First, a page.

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What if business insurance is too costly for me?
The statistic shows that about 40 percent of small businesses aren't insured at all, because their owners assume that having a small business insurance policy is too costly for their enterprise. Fact is that not having a business insurance may lead to expenses far beyond annual premiums, putting you at risk of losing your business. Natural disasters, theft, employee injuries – this all may lead to unexpected financial losses, which could be entirely covered by business insurance if you have one. 

There are different business insurance packages offered by insurers to small business owners who run short on cash. For example, business owner's policies (BOPs) provide the necessary coverage for property and casualty risks at a low price. Another way of reducing business insurance costs is raising your deductible. You'll have to pay more to make a claim but you can be sure you are fully covered when something happens.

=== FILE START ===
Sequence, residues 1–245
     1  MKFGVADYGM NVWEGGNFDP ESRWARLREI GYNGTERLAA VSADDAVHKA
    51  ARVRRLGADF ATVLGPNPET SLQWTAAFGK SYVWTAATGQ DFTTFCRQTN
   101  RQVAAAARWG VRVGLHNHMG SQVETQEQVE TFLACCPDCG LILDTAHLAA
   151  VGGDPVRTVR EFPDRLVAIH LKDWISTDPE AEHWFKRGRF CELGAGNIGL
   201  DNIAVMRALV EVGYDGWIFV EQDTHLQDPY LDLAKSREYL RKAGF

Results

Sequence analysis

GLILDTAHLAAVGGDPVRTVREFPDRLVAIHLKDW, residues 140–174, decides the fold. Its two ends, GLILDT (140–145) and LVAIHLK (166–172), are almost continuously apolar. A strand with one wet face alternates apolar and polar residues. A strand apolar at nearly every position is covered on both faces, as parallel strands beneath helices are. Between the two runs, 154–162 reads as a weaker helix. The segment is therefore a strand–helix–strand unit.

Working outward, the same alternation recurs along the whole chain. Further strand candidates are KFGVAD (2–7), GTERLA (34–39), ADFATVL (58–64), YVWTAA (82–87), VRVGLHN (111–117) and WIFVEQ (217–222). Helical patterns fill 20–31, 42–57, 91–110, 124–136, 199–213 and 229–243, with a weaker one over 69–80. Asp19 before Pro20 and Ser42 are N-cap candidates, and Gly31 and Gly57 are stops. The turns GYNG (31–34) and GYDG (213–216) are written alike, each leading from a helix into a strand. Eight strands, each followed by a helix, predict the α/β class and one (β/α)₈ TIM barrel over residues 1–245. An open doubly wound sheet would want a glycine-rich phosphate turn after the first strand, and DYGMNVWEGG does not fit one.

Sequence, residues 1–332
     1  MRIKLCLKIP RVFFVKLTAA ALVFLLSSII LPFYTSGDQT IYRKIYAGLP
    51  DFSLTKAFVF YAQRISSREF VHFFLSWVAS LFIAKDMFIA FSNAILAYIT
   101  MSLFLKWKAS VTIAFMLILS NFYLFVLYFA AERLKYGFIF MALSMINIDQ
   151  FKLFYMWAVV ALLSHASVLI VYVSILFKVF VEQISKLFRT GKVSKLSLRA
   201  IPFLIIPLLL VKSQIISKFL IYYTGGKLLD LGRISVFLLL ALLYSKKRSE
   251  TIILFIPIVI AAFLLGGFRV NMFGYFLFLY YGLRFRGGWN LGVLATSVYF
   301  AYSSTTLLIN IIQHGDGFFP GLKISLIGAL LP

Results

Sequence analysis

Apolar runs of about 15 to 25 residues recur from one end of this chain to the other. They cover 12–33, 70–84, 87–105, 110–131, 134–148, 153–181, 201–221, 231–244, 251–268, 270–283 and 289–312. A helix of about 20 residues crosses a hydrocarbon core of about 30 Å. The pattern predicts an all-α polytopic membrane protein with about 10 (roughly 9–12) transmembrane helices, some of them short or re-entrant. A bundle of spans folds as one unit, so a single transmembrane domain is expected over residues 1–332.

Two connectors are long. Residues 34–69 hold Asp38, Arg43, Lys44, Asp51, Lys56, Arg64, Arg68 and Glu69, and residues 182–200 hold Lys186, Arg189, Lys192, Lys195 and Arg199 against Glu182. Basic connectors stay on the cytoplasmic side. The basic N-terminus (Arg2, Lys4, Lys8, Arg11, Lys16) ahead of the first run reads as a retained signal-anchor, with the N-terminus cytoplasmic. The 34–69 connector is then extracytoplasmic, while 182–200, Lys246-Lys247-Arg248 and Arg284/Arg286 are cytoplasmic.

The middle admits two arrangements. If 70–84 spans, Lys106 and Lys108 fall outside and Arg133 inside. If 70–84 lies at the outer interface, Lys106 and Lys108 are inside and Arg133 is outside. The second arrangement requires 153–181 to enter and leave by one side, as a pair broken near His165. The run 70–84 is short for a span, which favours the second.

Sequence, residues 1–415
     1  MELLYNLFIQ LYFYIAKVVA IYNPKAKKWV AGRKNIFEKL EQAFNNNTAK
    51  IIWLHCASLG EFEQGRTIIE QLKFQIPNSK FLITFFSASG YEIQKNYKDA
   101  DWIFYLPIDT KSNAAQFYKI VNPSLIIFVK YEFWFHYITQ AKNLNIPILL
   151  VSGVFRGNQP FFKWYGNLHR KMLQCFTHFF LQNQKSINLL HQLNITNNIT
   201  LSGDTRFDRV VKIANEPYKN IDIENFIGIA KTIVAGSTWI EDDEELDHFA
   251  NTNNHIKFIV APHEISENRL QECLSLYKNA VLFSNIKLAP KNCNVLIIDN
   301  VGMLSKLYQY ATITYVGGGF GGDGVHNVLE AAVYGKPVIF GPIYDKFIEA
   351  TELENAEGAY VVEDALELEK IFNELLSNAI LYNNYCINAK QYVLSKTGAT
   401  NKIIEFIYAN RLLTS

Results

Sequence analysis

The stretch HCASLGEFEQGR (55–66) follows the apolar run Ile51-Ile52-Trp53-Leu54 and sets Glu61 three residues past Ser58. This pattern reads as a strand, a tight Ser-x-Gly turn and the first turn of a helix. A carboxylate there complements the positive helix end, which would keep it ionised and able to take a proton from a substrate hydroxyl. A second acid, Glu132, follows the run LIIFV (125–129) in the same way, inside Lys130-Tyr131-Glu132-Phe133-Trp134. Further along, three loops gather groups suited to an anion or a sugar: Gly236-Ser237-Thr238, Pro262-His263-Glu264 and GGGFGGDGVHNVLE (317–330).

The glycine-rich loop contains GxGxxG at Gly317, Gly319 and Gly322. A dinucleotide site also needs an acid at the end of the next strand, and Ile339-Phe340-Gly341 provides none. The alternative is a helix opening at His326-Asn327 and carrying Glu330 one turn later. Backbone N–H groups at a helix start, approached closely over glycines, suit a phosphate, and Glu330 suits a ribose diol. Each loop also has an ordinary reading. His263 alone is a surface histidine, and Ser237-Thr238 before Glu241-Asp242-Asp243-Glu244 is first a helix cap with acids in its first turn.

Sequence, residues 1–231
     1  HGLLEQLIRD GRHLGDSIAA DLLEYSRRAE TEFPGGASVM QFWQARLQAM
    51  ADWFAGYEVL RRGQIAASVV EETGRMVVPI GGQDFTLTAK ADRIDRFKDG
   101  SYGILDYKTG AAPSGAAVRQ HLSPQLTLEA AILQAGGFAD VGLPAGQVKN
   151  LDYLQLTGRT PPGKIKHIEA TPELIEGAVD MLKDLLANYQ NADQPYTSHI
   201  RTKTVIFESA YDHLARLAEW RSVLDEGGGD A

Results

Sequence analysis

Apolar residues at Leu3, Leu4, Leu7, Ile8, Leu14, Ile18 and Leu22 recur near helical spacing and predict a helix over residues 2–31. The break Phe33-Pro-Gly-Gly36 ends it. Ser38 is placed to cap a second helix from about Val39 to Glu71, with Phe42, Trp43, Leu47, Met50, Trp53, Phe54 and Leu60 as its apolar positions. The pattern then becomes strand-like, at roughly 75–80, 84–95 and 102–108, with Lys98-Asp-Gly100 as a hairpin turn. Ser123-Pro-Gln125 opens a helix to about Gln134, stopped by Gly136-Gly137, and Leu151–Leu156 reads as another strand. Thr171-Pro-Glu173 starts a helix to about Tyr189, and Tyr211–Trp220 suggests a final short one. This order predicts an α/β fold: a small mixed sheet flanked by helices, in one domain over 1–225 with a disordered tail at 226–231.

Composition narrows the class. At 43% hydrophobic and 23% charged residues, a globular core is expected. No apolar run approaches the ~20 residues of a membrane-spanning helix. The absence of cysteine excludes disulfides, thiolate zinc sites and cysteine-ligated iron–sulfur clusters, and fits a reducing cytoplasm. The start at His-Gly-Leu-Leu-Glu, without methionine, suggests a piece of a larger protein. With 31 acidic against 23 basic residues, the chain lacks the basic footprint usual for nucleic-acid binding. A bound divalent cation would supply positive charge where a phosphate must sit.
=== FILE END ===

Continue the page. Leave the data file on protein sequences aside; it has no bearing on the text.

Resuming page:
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What should I do to keep my business insurance expenditures low?
Risk management represents a powerful tool of keeping your business insurance costs under control. By using risk management you determine all the possible risks your business may face and choose whether you want to finance coverage against these risks or not. Large companies use these methods of reducing their expenditures, and your small business could use the same scheme for making sure you don't over or under-buy insurance.

There are four major steps in risk management
  1. Define the potential risks your particular business may face during operation. For example, you're working with hazardous substances or your workers have a high risk of injury.
  2. Outline the potential financial impact each type of risk may deliver to your business and define the probability of each risk type's manifestation.
  3. Determine the possibilities of preventing or controlling the risks, and find possibilities of transferring the risks to third parties.